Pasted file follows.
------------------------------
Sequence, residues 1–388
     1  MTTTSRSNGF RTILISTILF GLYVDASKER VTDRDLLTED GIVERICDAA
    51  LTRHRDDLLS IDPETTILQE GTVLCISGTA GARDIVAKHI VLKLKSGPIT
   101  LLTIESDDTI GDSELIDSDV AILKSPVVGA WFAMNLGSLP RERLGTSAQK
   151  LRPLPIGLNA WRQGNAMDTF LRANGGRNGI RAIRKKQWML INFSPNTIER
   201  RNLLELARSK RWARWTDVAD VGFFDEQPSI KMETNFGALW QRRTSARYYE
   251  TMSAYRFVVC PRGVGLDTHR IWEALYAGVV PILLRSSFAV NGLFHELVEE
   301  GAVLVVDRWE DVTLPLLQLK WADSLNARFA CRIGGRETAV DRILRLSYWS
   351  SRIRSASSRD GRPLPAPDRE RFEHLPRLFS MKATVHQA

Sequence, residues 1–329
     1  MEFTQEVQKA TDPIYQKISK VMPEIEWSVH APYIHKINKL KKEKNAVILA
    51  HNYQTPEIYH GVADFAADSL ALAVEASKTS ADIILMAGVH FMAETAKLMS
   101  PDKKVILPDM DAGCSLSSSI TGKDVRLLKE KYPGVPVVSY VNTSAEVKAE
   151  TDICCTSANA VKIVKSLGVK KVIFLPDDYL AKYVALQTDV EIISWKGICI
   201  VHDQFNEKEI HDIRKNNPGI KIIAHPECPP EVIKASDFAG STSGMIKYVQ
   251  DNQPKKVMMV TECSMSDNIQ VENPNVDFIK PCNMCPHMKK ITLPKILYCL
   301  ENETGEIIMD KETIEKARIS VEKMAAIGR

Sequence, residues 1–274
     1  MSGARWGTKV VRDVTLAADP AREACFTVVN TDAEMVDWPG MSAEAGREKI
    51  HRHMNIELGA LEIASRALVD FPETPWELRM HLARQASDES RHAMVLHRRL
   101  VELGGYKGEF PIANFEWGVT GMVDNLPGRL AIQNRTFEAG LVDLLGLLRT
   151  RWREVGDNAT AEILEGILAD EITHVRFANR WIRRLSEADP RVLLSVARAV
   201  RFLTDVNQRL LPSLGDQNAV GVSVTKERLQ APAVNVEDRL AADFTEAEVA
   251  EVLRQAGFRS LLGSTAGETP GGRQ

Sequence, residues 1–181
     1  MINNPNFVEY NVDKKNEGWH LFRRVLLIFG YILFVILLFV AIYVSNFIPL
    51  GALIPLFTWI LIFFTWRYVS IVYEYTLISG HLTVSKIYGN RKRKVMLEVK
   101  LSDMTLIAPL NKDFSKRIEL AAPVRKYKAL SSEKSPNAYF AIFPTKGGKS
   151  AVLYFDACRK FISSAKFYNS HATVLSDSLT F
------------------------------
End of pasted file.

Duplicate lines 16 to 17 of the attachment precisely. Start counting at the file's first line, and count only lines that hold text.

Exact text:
   251  DNQPKKVMMV TECSMSDNIQ VENPNVDFIK PCNMCPHMKK ITLPKILYCL
   301  ENETGEIIMD KETIEKARIS VEKMAAIGR